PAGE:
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A new report from the U.S. Department of Labor suggests that a McDonald's in Kentucky permitted two 10-year-olds to work unpaid shifts that sometimes ran into the wee hours of the morning.
The report released Tuesday indicates that the children worked at a McDonald's located in Louisville and owned by franchisee Bauer Foods LLC. The children performed all sorts of tasks that are typical in the fast food industry, including serving meals, operating the drive-thru window, and cleaning. One of the two children even supposedly used the deep fryer, a piece of machinery considered "dangerous equipment" and therefore forbidden to those under 16.
Since last August, the children reportedly worked 10 total shifts that lasted anywhere from two to four hours, and they sometimes stayed at the store until 2 a.m. They did not receive payment for their work, the USDL report said.
Bauer Foods admitted to CNN that the two children had been working at the store without authorization. They are the children of a night manager and were visiting their parent when they performed tasks for the restaurant. Bauer Foods has since been fined $39,711 for the alleged child labor law violations.
"Too often, employers fail to follow the child labor laws that protect young workers," said Karen Garnett-Civils, the USDL wage and hour division district director in Louisville. "Under no circumstances should there ever be a 10-year-old child working in a fast-food kitchen around hot grills, ovens and deep fryers."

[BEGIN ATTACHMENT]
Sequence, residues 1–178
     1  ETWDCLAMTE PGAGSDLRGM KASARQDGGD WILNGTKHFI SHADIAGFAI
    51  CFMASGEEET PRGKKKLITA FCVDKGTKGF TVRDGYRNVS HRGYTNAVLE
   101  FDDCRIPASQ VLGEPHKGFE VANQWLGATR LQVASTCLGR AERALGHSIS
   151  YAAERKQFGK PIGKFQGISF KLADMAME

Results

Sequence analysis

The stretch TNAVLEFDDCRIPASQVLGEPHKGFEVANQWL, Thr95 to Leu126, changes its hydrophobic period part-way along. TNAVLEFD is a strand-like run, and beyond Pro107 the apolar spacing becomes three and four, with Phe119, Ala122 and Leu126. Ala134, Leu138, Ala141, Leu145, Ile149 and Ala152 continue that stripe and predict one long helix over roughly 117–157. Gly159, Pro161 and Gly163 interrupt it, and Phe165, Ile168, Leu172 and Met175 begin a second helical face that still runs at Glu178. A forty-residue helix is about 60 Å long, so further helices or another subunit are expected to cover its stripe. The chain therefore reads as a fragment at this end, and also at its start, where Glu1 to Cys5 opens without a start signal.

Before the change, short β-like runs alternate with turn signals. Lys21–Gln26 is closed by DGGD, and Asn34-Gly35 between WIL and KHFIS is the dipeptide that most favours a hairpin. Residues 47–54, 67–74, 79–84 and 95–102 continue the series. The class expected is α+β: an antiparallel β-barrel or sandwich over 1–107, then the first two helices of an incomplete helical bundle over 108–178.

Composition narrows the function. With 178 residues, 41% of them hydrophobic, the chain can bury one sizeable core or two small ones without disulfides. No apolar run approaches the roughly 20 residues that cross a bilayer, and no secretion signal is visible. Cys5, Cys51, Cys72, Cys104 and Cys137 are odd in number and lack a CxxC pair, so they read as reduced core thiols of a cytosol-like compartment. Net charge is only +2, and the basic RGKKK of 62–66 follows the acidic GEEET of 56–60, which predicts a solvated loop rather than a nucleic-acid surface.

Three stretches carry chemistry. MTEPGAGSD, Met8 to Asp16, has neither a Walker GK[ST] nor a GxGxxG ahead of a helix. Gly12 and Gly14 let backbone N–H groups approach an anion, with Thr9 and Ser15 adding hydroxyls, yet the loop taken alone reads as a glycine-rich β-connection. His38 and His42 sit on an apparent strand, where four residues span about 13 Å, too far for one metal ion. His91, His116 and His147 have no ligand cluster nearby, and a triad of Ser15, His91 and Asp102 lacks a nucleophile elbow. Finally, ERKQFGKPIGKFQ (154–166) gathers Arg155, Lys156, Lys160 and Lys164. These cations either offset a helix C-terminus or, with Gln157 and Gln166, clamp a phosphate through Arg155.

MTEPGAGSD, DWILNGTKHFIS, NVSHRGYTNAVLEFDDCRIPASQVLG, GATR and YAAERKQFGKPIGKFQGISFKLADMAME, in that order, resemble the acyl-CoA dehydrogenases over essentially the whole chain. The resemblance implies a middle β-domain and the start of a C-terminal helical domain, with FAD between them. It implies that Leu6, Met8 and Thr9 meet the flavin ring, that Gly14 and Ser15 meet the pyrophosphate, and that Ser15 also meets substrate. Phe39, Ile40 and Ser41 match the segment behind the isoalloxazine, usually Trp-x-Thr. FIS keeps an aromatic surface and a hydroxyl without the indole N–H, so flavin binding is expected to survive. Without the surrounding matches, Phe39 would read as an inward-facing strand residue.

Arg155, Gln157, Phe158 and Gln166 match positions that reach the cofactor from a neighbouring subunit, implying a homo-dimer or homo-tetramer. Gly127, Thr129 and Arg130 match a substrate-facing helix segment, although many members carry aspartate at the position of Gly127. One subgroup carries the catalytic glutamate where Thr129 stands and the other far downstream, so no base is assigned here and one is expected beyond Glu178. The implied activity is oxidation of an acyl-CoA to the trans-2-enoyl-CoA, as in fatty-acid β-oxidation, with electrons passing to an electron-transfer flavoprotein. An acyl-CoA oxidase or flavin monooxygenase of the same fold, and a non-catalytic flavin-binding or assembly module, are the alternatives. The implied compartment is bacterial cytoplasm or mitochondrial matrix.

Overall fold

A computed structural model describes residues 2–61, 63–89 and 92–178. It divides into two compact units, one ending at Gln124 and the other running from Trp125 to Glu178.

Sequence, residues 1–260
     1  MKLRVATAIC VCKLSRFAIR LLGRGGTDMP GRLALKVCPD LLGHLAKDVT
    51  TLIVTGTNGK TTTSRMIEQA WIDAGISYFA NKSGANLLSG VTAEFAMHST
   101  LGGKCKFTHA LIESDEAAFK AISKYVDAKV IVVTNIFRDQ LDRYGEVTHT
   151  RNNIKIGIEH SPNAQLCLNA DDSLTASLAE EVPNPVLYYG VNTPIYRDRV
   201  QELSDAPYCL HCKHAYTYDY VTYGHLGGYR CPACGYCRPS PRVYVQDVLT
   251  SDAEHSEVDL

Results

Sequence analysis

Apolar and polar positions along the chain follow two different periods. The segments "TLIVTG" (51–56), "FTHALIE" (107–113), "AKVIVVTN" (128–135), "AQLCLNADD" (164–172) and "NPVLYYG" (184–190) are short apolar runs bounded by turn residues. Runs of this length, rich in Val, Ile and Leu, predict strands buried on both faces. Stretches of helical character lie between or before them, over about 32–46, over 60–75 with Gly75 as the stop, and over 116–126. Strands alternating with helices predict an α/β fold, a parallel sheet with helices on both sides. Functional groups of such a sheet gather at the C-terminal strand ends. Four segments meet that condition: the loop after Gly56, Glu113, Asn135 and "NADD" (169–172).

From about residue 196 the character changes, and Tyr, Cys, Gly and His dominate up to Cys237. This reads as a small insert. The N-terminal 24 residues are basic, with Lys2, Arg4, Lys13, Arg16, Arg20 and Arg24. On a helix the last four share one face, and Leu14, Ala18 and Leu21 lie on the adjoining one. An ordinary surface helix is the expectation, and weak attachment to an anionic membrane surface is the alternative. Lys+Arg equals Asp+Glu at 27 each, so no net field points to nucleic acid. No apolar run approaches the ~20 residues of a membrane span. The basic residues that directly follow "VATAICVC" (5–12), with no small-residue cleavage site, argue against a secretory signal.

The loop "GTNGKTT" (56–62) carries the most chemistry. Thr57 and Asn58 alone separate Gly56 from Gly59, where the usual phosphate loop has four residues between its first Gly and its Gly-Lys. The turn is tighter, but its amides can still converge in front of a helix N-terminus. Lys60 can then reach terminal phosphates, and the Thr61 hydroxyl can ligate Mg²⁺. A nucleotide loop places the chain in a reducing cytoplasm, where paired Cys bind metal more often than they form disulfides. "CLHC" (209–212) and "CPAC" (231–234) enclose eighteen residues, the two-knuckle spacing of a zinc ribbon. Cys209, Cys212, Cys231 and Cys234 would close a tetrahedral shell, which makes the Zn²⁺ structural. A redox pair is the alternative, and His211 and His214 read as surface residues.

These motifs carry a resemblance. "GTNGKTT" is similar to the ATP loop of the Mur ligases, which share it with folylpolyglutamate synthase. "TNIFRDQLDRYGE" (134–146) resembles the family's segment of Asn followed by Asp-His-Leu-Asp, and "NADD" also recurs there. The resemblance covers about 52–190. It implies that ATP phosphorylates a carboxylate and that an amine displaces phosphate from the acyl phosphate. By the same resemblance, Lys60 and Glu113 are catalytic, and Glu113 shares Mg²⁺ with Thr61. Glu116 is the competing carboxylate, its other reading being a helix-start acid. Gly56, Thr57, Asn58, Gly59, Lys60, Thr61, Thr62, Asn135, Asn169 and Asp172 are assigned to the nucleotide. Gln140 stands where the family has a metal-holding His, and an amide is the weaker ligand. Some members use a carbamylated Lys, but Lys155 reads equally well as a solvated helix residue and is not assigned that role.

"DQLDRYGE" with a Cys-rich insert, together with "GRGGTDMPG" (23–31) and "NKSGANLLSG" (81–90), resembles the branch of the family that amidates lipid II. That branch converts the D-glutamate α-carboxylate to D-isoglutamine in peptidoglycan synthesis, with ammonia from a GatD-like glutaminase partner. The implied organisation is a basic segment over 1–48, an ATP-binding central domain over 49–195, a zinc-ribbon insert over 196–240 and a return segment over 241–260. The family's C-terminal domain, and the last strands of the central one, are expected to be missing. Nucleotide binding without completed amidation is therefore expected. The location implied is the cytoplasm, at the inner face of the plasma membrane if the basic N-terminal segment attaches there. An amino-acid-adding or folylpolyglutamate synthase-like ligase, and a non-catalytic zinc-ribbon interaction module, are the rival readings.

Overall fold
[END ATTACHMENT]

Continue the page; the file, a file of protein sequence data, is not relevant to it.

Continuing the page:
Though perhaps the most egregious, the two 10-year-olds are hardly the only examples of child labor law violations allegedly committed by McDonald's franchises in the region. In fact, 60 total stores located across Kentucky, Indiana, Maryland, and Ohio have likewise been fined for illegal child labor practices. Bauer Foods and two other franchisees, Archways Richwood and Bell Restaurant Group, each own some of the stores. The three franchisees have been fined a total of $212,754 for labor law infractions, including assigning teens to work early in the morning or late at night, failing to pay overtime wages, and even scheduling teens to work during the school day.
"These reports are unacceptable, deeply troubling and run afoul of the high expectations we have for the entire McDonald’s brand," McDonald's senior vice president and chief people officer Tiffanie Boyd said in a statement. "It is not lost on us the significant responsibility we carry to ensure a positive and safe experience for everyone under the Arches.
"I know how important it is that every restaurant fosters a culture of safety," the statement continued. "As a mother whose teenage son proudly worked at our local McDonald’s, I feel this on a very personal level. We are committed to ensuring our franchisees have the resources they need to foster safe workplaces for all employees and maintain compliance with all labor laws."
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Sr. Editor, News
Cortney Weil is a senior editor for Blaze News.